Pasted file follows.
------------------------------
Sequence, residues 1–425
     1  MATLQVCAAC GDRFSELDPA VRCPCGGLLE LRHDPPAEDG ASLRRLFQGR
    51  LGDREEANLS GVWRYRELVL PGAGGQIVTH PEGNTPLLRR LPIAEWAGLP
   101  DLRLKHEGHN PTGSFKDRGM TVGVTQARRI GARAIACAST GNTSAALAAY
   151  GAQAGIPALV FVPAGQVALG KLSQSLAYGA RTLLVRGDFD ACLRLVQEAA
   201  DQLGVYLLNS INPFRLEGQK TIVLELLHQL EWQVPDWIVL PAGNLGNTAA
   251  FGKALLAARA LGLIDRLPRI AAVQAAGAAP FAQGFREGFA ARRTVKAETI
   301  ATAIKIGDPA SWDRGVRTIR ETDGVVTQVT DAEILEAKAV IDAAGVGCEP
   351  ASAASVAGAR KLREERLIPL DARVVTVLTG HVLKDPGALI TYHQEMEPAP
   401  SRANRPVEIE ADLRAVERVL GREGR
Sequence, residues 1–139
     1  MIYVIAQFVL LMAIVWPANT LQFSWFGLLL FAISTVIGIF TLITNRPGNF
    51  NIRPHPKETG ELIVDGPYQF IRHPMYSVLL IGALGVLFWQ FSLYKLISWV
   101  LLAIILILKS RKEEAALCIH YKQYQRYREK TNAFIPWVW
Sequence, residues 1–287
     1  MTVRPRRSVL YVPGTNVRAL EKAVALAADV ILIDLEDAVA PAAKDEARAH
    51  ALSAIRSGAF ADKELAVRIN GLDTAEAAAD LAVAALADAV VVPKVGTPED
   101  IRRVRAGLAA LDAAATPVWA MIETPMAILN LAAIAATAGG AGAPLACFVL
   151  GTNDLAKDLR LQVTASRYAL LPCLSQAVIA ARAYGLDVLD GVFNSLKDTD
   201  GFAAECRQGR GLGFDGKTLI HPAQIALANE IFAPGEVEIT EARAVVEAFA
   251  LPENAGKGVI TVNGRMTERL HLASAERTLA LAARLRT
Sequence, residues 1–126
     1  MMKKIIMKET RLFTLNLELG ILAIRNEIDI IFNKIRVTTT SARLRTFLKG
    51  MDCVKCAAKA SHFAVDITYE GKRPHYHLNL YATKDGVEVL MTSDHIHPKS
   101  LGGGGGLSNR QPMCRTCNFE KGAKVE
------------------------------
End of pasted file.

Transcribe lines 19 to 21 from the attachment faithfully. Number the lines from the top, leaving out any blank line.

   151  GTNDLAKDLR LQVTASRYAL LPCLSQAVIA ARAYGLDVLD GVFNSLKDTD
   201  GFAAECRQGR GLGFDGKTLI HPAQIALANE IFAPGEVEIT EARAVVEAFA
   251  LPENAGKGVI TVNGRMTERL HLASAERTLA LAARLRT